Patrick: Yeah, I think that’s not an unreasonable position to take, and I was kind of thinking along those similar lines myself that change is going to scare some people away, it always does, especially with a site like Digg that had that kind of same layout for a long time. So to me I think if they have some kind of new path, new vision, then they’re going to lose people, but maybe those aren’t the people that they really, I don’t know, vision for the future of the site; maybe those aren’t the people they found would help them make a good sustainable business with growth and continued revenue increasing and all those things that you want with a normal business. So maybe they have a better path and as part of that you have to kind of get rid of the old, and not to say I don’t love users because that kind of sounds nasty (laughs).

Kevin: Well, I wish them luck. I don’t think it’s over yet. I know if I lived and died by Digg, if I was a power Digg user I would be a lot more emotionally invested in this and would probably feel differently, but as a dispassionate bystander I’m encouraged, I hope the numbers having dropped I hope will now start trending upwards again as they address the problems with the launch and hopefully build a more sustainable service for the future.

But there a couple of services that will not be building for the future and this is what brings us to our deadpool. The first one on the list this week is Xmarks. Now if I’ve learned something in the past few podcasts is that if a service, a venerable service, like Xmarks goes down it probably means Patrick used it.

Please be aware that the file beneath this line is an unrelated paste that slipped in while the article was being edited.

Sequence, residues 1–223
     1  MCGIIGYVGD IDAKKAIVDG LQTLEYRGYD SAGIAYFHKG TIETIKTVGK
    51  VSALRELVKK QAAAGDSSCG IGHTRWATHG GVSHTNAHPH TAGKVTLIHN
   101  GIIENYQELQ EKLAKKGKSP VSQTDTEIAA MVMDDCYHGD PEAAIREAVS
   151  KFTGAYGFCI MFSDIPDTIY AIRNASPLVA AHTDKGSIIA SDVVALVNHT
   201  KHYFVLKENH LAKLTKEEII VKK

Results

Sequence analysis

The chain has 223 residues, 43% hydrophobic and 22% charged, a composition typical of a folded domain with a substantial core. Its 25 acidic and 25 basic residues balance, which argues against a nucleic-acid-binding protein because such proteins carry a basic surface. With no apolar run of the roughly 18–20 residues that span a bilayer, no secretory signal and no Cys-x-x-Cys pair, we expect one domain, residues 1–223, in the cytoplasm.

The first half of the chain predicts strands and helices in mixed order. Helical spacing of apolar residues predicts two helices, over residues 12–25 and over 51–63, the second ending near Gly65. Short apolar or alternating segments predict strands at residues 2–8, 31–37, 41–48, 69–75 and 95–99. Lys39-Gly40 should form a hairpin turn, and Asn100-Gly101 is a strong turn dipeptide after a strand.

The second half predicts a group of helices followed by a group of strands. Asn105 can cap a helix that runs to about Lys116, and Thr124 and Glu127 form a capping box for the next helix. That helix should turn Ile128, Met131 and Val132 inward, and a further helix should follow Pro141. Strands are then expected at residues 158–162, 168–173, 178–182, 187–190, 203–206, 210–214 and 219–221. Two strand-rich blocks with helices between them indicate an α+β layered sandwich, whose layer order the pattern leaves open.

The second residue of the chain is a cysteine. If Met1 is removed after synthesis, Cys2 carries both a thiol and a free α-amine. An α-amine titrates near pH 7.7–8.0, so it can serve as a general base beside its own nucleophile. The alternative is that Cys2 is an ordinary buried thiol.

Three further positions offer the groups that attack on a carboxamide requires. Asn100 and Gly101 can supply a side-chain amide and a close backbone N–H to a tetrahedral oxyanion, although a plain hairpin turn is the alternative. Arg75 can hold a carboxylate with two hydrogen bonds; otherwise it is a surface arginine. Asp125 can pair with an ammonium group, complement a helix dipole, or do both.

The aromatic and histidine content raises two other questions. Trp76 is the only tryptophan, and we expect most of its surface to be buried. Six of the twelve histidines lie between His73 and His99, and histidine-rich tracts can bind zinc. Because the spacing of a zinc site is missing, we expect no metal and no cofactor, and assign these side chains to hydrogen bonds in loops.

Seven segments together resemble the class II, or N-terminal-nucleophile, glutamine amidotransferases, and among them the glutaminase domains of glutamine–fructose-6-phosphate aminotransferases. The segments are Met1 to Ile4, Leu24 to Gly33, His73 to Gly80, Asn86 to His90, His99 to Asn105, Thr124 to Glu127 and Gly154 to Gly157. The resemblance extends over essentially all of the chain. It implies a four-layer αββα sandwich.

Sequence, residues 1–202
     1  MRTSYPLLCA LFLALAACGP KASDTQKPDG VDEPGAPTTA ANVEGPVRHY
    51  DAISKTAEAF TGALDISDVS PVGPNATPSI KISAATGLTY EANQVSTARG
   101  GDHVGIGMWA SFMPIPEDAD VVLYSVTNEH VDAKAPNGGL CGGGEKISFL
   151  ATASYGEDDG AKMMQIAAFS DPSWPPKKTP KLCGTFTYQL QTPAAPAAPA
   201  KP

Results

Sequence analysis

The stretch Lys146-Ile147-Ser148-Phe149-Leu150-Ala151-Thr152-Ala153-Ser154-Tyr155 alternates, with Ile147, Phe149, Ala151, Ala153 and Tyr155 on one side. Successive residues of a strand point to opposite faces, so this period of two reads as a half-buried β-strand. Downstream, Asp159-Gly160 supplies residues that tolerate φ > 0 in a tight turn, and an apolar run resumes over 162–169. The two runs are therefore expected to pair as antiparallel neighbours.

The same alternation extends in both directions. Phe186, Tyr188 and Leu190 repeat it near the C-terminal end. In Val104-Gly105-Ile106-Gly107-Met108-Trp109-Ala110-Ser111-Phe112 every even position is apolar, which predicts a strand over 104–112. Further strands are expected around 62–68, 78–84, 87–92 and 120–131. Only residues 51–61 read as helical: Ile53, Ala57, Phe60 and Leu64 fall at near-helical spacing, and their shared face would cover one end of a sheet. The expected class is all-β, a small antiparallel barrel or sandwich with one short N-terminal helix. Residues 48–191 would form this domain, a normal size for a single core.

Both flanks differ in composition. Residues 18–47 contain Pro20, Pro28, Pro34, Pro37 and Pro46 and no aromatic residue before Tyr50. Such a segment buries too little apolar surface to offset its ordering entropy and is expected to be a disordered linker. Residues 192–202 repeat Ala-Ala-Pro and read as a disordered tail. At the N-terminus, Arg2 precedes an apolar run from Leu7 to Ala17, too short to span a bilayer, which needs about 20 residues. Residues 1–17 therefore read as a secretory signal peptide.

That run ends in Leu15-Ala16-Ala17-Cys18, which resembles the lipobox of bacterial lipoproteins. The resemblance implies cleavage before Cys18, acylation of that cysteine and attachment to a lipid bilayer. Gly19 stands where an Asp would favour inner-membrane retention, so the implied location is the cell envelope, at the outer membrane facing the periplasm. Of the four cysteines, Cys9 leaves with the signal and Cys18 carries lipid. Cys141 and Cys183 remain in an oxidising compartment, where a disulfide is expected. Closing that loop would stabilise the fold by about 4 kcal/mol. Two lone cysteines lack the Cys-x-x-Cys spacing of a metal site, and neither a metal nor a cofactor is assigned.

Patrick: That’s an interesting conclusion.

Kevin: It’s a lesson I learned from NetNewswire and others before it. Sorry, not Net Newswire, who were they?

Patrick: Bloglines.

Kevin: Yeah, Bloglines. So, were you an Xmarks user, Patrick?

Patrick: I was not. And I don’t even know if I’ve heard of this service before this, but I might have, but no, no, not me.

Kevin: Ohhh! So much for that theory. Stephan?

Stephan: No, never was.

Kevin: Really? Not one of the three of us. Xmarks, as I understand it, well, it was originally called Foxmarks, and it was a high profile bookmark syncing plugin for Firefox, or extension I should say, so you installed Foxmarks on your Firefox and it would sync your bookmarks with any other copies of Firefox that you had around on other computers with Foxmarks installed. I never really used this software but my understanding is that the people who loved it loved it because it just worked, it wasn’t fancy, it didn’t get in your way, it wasn’t screaming look how stylish I am and I’ve just done another redesign with more gradient fills, it was one of those things that just worked and people came to rely on as part of their web experience. And, in fact, according to this story some two million users across five million desktops continue to be active users on the service to this day, and they said they’re on track to add just under 3,000 new accounts per day, so the service was still growing. And yet they are shutting down in 90 days because they cannot figure out how to make any money. They’ve got two million people and every single one of them is costing a little money to keep the servers running. What’s wrong here? Are you necessarily doing something wrong if you’ve built a service that has two million users and you can’t figure out how to make money?

Stephan: If you’re shutting down, obviously.